Mysteries force a man to think, and so injure his health.
Edgar Allan Poe (Ne Pariez Jamais Votre Tête Au Diable Et Autres Contes Non Traduits Par Baudelaire)
He who spares the wicked injures the good.
Seneca
We are injured and angry, scared and sad. Some families, like some couples, become toxic to each other after prolonged exposure.
Jonathan Tropper (This is Where I Leave You)
I survived because I remained soft, because I listened, because I wrote. Because I huddled close to my truth, protected it like a tiny flame in a terrible storm. Hold up your head when the tears come, when you are mocked, insulted, questioned, threatened, when they tell you you are nothing, when your body is reduced to openings. The journey will be longer than you imagined, trauma will find you again and again. Do not become the ones who hurt you. Stay tender with your power. Never fight to injure, fight to uplift. Fight because you know that in this life, you deserve safety, joy, and freedom. Fight because it is your life. Not anyone else’s. I did it, I am here. Looking back, all the ones who doubted or hurt or nearly conquered me faded away, and I am the only one standing. So now, the time has come. I dust myself off, and go on.
Chanel Miller (Know My Name)
If only it were possible to love without injury – fidelity isn’t enough: I had been faithful to Anne and yet I had injured her. The hurt is in the act of possession: we are too small in mind and body to possess another person without pride or to be possessed without humiliation. In a way I was glad that my wife had struck out at me again – I had forgotten her pain for too long, and this was the only kind of recompense I could give her. Unfortunately the innocent are always involved in any conflict. Always, everywhere, there is some voice crying from a tower.
Graham Greene
Will!" Charlotte threw up her hands. "Why didn't you say so?" "You know, the books on demon pox are in the library," Will said with an injured tone. "I wasn't preventing anyone from reading them
Cassandra Clare (Clockwork Princess (The Infernal Devices, #3))
It is a curious thing, but as one travels the world getting older and older, it appears that happiness is easier to get used to than despair. The second time you have a root beer float, for instance, your happiness at sipping the delicious concoction may not be quite as enormous as when you first had a root beer float, and the twelfth time your happiness may be still less enormous, until root beer floats begin to offer you very little happiness at all, because you have become used to the taste of vanilla ice cream and root beer mixed together. However, the second time you find a thumbtack in your root beer float, your despair is much greater than the first time, when you dismissed the thumbtack as a freak accident rather than part of the scheme of a soda jerk, a phrase which here means "ice cream shop employee who is trying to injure your tongue," and by the twelfth time you find a thumbtack, your despair is even greater still, until you can hardly utter the phrase "root beer float" without bursting into tears. It is almost as if happiness is an acquired taste, like coconut cordial or ceviche, to which you can eventually become accustomed, but despair is something surprising each time you encounter it.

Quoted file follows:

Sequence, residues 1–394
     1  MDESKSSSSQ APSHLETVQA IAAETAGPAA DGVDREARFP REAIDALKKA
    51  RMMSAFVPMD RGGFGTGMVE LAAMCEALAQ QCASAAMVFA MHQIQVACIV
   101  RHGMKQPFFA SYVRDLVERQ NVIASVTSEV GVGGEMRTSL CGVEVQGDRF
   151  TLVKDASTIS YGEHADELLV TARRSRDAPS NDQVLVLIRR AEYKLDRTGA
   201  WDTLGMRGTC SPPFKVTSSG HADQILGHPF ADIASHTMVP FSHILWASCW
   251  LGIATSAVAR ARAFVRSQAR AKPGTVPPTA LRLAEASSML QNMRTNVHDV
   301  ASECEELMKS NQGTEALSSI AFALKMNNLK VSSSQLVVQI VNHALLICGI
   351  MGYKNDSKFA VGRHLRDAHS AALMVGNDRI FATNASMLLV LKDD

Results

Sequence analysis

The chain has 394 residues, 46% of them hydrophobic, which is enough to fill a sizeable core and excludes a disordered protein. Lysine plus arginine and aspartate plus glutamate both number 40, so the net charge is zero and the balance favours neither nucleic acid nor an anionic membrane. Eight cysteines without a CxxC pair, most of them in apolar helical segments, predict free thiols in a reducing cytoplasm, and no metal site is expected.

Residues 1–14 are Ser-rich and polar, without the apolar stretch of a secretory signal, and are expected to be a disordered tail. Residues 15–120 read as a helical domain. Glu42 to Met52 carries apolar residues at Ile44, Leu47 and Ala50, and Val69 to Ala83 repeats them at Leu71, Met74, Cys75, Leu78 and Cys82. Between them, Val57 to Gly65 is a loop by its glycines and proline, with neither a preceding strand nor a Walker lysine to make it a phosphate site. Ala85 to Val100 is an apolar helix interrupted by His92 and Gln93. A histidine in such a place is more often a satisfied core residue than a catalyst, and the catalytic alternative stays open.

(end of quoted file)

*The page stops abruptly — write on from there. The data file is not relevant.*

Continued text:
Lemony Snicket (The End (A Series of Unfortunate Events, #13))
He who has injured thee was either stronger or weaker than thee. If weaker, spare him; if stronger, spare thyself.
Seneca (On Anger)
Worry drains the mind of its power and, sooner or later, it injures the soul
Robin S. Sharma (The Monk Who Sold His Ferrari: A Fable About Fulfilling Your Dreams and Reaching Your Destiny)
You screamed.” Will said. “Is that all you did?” “I screamed a great deal.” Tatiana sounded injured.
Cassandra Clare (Clockwork Princess (The Infernal Devices, #3))
Women endure entire lifetimes of these indignities—in the form of catcalls, groping, assault, oppression. These things injure us. They sap our strength. Some of the cuts are so small they’re barely visible. Others are huge and gaping, leaving scars that never heal. Either way, they accumulate. We carry them everywhere, to and from school and work, at home while raising our children, at our places of worship, anytime we try to advance.
Michelle Obama (Becoming)
Begin each day by telling yourself: Today I shall be meeting with interference, ingratitude, insolence, disloyalty, ill-will, and selfishness – all of them due to the offenders’ ignorance of what is good or evil. But for my part I have long perceived the nature of good and its nobility, the nature of evil and its meanness, and also the nature of the culprit himself, who is my brother (not in the physical sense, but as a fellow creature similarly endowed with reason and a share of the divine); therefore none of those things can injure me, for nobody can implicate me in what is degrading. Neither can I be angry with my brother or fall foul of him; for he and I were born to work together, like a man’s two hands, feet or eyelids, or the upper and lower rows of his teeth. To obstruct each other is against Nature’s law – and what is irritation or aversion but a form of obstruction.